Animation is art in movement. More precisely, it is the “art of movement.” Whether it is a drawing or a lump of clay, a pup-
pet or paper-cut collage, the animator infuses life and meaning into his or her idea by making it move.
The illusion of movement in animation is created by a physiological phenomenon called persistence of vision. When a single
image is flashed before a human eye, the brain retains that image longer than it is actually registered on the retina. So when a
series of images with slight variations or changes are flashed in rapid succession before our eyes, the effect is one of move-
A Brief History of Animation
The element of motion has intrigued artists for thousands of years. From cave paintings created over 25,000 years ago to
Eadweard Muybridge’s photographic studies of human and animal locomotion during the late 1800s, we can trace efforts to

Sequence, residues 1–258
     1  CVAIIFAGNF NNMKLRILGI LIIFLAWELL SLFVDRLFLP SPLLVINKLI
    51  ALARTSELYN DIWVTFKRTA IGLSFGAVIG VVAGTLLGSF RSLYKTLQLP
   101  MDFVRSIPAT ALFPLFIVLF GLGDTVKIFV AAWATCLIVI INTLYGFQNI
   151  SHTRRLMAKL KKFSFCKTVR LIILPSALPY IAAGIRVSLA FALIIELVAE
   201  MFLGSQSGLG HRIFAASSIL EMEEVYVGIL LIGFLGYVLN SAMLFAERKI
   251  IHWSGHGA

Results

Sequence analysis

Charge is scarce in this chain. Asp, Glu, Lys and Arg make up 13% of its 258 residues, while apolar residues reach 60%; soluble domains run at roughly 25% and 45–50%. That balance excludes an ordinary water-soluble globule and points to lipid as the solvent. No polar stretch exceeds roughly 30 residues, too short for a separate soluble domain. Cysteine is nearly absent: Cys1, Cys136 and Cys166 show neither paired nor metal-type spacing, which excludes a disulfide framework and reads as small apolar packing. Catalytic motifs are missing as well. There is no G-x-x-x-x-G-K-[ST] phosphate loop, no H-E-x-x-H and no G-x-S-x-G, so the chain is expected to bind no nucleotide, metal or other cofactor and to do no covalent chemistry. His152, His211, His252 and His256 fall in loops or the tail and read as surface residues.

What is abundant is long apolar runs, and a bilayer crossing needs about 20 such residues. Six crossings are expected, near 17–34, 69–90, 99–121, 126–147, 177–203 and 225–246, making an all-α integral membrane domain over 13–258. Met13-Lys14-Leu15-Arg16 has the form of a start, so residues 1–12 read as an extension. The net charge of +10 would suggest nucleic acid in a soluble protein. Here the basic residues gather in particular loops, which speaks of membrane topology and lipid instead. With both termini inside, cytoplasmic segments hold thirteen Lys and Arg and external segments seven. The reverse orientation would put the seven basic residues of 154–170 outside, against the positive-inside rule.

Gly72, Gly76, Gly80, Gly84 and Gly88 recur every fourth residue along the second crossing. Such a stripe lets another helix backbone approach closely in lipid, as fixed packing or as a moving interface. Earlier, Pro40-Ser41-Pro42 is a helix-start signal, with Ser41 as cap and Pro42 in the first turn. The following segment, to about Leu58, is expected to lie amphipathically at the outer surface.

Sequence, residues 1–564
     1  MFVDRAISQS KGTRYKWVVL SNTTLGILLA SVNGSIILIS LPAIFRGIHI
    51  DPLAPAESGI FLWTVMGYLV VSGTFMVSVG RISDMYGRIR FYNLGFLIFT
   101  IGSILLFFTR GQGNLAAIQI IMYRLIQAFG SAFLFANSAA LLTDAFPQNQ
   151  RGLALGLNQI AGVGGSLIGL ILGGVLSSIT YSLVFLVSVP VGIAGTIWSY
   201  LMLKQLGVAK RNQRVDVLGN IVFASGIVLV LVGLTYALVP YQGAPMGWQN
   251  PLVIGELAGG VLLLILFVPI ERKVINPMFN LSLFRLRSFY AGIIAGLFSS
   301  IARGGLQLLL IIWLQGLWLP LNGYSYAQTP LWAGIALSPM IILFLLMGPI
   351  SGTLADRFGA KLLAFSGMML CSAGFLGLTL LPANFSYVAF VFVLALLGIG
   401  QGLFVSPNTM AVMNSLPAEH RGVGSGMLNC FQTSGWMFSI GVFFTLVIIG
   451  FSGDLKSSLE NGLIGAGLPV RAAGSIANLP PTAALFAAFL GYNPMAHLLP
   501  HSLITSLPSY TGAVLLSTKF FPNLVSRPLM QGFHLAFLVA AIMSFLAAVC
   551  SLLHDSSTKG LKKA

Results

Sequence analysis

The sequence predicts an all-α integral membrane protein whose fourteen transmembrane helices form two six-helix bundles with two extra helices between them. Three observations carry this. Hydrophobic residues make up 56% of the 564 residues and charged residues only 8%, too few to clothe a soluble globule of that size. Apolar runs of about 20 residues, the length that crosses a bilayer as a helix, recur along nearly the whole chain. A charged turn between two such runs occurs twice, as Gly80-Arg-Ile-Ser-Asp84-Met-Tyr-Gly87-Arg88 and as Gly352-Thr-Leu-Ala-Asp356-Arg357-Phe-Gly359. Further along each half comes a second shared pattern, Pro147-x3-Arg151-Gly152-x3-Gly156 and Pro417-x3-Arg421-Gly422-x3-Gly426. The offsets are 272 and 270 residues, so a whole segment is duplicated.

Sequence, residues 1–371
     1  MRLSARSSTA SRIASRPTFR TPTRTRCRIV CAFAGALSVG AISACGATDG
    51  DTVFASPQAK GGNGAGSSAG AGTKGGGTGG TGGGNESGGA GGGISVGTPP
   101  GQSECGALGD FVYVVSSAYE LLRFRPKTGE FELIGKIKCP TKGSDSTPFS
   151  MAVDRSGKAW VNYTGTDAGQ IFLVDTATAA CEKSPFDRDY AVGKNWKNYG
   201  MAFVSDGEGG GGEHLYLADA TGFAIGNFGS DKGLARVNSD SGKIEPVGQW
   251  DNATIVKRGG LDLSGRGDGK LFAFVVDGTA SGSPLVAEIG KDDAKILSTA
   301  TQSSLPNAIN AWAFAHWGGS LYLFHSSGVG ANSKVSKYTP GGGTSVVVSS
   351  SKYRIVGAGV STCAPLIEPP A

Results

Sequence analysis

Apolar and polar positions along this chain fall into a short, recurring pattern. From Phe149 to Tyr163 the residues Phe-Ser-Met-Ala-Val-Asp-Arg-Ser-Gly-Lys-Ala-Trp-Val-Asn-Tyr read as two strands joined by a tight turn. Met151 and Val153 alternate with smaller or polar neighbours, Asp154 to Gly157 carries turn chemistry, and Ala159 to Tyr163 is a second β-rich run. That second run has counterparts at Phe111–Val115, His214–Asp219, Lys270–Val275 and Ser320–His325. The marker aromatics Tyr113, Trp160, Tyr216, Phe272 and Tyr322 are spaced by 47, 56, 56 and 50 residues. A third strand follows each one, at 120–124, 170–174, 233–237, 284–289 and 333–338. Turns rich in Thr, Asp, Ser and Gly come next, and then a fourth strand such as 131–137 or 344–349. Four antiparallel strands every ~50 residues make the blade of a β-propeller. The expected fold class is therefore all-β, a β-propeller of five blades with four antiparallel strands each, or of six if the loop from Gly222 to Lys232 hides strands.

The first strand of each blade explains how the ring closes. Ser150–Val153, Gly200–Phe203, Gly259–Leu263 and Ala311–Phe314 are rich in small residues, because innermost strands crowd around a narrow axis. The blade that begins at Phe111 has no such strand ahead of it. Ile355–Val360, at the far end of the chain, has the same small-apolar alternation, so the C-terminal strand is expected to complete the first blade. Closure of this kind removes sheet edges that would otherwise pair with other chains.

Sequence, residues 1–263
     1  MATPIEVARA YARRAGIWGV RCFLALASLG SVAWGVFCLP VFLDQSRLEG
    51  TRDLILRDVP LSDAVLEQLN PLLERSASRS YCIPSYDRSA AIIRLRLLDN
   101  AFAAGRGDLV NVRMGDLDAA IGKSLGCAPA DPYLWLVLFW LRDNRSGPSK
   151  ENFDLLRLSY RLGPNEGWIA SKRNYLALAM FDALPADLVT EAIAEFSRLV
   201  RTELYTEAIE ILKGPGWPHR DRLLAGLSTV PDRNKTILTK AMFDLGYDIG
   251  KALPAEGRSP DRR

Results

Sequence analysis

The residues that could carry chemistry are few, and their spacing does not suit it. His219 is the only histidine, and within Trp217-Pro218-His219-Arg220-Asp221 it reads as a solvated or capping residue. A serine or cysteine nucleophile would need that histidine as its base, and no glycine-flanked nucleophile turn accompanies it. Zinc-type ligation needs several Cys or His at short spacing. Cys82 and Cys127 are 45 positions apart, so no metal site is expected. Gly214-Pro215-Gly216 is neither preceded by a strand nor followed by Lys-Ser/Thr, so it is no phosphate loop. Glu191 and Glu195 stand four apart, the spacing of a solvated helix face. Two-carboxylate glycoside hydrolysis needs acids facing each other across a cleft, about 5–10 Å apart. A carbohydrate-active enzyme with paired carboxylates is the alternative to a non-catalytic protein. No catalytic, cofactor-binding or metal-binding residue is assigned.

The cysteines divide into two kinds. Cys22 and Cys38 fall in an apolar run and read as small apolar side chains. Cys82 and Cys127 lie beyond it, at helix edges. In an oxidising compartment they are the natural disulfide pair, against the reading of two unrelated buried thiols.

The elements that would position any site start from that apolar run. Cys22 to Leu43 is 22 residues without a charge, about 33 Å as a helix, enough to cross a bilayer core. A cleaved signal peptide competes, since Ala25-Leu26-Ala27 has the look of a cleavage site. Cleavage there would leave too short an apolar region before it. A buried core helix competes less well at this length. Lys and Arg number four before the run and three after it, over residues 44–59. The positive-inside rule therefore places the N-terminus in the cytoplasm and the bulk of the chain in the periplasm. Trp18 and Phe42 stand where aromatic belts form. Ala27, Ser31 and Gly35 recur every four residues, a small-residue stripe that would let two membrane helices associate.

depict movement that foreshadowed contemporary animation techniques.
Film animation burst on the scene in the early 1900s. J. Steward Blackton produced the first stop-frame animated cartoon,
titled Humorous Phases of a Funny Face, in 1906. Another early landmark was Winsor McCay’s Gertie the Dinosaur (1914), a pop-
ular animated feature consisting of 10,000 illustrations hand-drawn on rice paper by the McCay and an assistant.
The best known of these pioneering film animators was Walt Disney, who in 1928 produced Steamboat Willie starring Mickey
Mouse, and who in 1937 brought to the American movie screen the first full-length animated film, Snow White and the Seven
Dwarfs. Disney introduced numerous technical refinements and innovations intro his animated features in order to provide
greater realism and to heighten the illusion of depth.
Since the early days, animators have used new technologies to their advantage. Some of the techniques used by animators
nowadays include cel animation, clay animation, pixelation, rotoscoping, photo montage, puppetry, cut-paper animation, and
computer animation, Although the artist remains a dominant fi